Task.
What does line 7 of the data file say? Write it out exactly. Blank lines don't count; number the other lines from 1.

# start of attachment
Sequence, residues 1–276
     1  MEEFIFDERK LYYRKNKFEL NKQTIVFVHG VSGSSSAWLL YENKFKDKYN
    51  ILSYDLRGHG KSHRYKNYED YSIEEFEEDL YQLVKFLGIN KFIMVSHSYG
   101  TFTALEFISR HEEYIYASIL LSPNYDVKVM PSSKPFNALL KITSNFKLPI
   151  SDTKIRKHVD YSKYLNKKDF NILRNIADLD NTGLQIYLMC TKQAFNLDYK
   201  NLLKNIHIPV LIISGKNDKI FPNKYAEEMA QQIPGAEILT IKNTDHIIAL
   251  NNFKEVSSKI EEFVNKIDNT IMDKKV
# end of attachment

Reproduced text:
   251  NNFKEVSSKI EEFVNKIDNT IMDKKV